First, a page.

It would be great to live in a yurt, on a patch of land close to the city. Or perhaps a cob house built with straw and soil.

What about a shipping container?

Ideas buzzed around a small, cozy table at Queen Street Commons Café on Thursday night as a group of like-minded local residents talked about tiny houses.

Tiny houses to live in, that is.

Typical tiny dwellings can range from a scant 150 square feet to a luxurious 500.

Whether it’s for environmental reasons or financial, to live a simpler life or merely live closer to nature, this small but determined group wants a future of tiny living.

For Jenna Grinham, a 30-year-old Kitchener resident, a minuscule 350-square-foot home in a little community of similar homes is where she wants to live one day.

“It’s the cost of living and how it has consumed your life,” Grinham said. “Especially money. It’s the main cause of stress.”

Wouldn’t it be nice to have time to do yoga, garden and grow your own food, to share resources with your neighbours?

“People have forgotten how to live in a community,” she said.

The movement of itty bitty residences, prevalent in parts of the United States, has grown in popularity in recent years.

And it isn’t just young people jumping on the bandwagon.

Frank Sbrizzi of Kitchener, 57, and his wife, Cristiana Sbrizzi, 55, are ready to ditch their home and mortgage for a simpler, quiet life.

“You trade off living your life because of your home, to be able to afford this place,” Frank said.

Tiny House Community K-W, as they are called on Facebook, only has 30 members right now, but local interest is slowly gaining traction.

Jen Farkas started a similar group in Hamilton, where she says there is a lot of interest.

A blog about tiny homes in Ontario is also a popular resource for many in the province.

“Some people just want to learn more about it,” said Farkas, who lives in Guelph and works in Hamilton.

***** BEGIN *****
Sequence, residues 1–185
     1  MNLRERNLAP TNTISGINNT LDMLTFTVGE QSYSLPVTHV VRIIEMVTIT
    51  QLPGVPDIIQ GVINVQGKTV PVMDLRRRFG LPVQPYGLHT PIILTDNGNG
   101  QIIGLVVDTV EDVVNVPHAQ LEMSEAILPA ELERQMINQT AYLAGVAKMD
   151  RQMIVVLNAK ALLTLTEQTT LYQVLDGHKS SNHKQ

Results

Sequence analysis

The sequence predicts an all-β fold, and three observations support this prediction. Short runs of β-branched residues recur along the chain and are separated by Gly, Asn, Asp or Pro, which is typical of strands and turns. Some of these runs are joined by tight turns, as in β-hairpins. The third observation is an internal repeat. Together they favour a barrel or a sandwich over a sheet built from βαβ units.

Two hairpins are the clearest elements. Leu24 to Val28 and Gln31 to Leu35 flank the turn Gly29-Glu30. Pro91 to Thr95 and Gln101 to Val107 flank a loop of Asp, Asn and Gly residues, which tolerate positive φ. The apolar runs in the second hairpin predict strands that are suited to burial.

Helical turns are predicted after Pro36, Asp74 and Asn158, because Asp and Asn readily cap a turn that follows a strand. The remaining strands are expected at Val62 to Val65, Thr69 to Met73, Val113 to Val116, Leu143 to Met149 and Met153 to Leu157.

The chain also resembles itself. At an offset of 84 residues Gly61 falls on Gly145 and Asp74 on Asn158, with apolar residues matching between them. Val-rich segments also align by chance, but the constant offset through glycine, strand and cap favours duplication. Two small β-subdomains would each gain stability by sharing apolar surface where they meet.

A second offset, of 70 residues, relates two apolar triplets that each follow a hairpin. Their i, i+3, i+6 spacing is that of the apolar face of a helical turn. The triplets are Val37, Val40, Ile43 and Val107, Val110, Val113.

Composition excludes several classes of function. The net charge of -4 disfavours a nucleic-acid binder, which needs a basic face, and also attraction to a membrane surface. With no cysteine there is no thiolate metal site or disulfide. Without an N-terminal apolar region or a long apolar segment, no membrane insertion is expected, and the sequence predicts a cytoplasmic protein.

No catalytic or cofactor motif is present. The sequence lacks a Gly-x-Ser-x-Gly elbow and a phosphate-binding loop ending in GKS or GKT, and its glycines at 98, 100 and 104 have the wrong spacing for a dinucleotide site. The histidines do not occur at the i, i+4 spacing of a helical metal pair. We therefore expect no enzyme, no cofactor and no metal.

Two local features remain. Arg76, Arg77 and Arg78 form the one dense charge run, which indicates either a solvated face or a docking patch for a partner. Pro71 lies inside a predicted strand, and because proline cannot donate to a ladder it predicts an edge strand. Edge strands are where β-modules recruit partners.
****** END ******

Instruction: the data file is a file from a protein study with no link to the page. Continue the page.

For Farkas and her partner, the biggest appeal is the chance to live an environmentally sustainable life.

“It’s a desire to live with less,” she said.

Although she admitted she will miss the hoards of books she currently houses.

“It will be years and years before it happens,” she said.

Technically, tiny homes are not legal in Ontario. Farkas, along with the rest of the group, is anticipating years of trying to get laws on the books to allow the pint-sized homes.

Minimum requirements for residential dwellings, determined by provincial building codes and municipal bylaws, make it difficult to legally build them.

Some daring folk live off the grid on farms or other private properties, striking deals for hydro and water access with property owners.

“The biggest hurdle is getting the municipalities on board,” Frank said.

That’s the next step for this ambitious group of dreamers, to take their case for tiny homes to the municipal level.

“Even if it takes five years, it’s OK,” Frank said of getting local municipalities on board.

“We can wait.”

A self-described jack of all trades, Frank wants to refurbish a shipping container for his future home. It’s just one of the ideas he has.

“We will be criticized at the beginning,” he admitted.

“I can just see our parents (saying): ‘You live in a shed, a shed?!’ ” Cristiana added with a laugh.

This tiny house community wants to live together, in a community of tiny homes built on shared property with a common building, tool shed and garden.

“We’re all from different backgrounds and ultimately our goal is the same. That is what’s going to make it work,” Frank said.


Originally published:
June 3, 2016
Anam Latif – Waterloo Region Record